The number of homes completed in England fell in the three months to June, reveals government statistics. But new home starts are on the rise. There were 34,920 housing completions between April and June, down 2% on the same quarter in 2015, said the Department for Communities and Local Government. There were 36,400 housing starts during the same period, up 6% over the year.
In the whole year to June, housing starts totalled 144,280, up 2% annually and completions were at 139,030, a rise of 6%.
Both figures fall well short of the 250,000 new homes a year widely estimated to be needed to meet housing demand. A housing shortage has driven up rents and house prices sharply in the worst affected areas, such as London.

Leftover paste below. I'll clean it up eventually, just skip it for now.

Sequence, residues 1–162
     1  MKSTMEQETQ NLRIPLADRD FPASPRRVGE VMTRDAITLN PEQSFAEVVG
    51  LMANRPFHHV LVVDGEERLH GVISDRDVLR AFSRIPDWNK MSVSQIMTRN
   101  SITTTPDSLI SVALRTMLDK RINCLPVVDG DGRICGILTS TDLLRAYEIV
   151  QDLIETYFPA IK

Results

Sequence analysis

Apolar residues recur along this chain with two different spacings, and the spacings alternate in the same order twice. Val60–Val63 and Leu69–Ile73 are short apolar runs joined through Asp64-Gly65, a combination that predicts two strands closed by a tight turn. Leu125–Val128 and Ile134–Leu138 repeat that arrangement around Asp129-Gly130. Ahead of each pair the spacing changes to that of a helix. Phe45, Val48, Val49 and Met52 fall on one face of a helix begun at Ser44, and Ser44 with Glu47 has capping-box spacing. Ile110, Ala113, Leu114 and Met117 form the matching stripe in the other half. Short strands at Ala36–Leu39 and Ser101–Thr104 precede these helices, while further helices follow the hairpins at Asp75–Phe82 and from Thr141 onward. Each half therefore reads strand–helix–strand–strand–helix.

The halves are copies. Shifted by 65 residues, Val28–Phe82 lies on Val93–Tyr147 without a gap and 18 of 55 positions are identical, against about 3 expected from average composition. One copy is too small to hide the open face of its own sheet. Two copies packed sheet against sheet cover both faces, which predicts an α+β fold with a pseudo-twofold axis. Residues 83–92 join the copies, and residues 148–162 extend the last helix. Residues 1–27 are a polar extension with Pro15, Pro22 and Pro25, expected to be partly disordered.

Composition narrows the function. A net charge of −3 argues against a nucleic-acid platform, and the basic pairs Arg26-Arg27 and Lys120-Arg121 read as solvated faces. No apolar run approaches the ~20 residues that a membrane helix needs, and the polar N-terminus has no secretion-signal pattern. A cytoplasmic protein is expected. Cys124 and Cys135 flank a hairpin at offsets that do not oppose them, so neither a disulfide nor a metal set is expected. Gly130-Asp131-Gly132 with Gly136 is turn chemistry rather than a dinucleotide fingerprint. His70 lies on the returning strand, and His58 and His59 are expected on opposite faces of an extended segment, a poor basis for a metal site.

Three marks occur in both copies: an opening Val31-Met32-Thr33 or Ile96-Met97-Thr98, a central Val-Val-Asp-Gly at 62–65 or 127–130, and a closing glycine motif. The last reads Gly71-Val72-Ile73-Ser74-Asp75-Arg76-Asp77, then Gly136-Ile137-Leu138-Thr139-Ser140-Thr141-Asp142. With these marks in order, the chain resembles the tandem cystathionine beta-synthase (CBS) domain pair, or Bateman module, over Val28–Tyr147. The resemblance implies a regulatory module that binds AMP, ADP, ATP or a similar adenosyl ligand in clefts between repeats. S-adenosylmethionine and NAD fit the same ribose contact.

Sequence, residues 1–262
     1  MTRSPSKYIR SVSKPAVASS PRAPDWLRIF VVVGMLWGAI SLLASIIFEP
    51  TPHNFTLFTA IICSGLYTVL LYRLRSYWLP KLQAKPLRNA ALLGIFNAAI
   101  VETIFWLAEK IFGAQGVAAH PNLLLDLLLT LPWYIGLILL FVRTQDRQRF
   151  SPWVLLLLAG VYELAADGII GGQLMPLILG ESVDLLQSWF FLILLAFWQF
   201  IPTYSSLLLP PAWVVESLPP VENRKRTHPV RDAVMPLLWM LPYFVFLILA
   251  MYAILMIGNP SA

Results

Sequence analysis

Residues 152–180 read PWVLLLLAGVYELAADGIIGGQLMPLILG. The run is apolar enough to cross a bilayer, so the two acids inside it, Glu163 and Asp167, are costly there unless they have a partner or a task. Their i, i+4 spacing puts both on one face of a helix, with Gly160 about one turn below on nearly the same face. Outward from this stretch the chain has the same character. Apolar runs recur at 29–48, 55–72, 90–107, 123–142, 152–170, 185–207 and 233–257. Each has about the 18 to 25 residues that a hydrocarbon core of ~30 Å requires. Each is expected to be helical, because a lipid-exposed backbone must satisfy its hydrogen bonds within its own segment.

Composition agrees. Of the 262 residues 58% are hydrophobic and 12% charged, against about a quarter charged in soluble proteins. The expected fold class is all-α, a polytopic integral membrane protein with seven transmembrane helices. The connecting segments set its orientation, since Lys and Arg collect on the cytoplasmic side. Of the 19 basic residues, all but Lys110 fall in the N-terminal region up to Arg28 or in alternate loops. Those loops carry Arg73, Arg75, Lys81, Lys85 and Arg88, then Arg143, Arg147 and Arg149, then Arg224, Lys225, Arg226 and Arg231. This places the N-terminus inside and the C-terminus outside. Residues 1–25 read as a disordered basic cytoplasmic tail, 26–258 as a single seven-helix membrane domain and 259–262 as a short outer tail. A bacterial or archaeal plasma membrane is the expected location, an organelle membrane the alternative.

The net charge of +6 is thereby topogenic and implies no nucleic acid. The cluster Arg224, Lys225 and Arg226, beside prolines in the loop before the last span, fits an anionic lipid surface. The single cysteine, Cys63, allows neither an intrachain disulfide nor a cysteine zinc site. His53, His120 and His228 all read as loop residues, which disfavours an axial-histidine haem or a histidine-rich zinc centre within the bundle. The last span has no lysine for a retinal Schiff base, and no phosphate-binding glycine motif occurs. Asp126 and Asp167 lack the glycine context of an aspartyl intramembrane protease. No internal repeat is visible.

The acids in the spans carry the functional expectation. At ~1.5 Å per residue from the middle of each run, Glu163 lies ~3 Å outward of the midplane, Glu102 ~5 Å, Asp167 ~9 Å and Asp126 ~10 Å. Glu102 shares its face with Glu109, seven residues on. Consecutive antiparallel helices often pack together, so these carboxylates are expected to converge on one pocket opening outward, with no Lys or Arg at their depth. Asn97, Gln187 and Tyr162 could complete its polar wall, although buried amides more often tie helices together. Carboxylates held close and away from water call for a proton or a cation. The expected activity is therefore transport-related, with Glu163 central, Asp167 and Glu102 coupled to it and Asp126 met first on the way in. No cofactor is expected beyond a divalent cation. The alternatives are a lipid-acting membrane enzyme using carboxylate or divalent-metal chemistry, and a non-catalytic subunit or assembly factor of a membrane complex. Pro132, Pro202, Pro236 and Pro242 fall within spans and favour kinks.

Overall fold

Around £7bn of government funding is going towards supporting various housebuilding schemes, such as starter homes and shared ownership. The government is targeting the construction of one million new homes by 2020 under a plan to turn around the decline in homeownership.
But the housing charity Shelter and research consultancy Capital Economics have claimed in a joint report the government would miss its target by 266,000 homes as uncertainty surrounding the vote for Brexit deters housebuilders from increasing their output.
"Theresa May now has a real chance to turn things around and return hope to all those being left behind by our housing shortage, but only through committing to measures that can reform housebuilding for the long-term," said Campbell Robb, chief executive of Shelter.
"This includes using record-low interest rates to invest in a new generation of genuinely affordable homes to rent and buy, and helping our struggling small builders access the land and finance they need to build."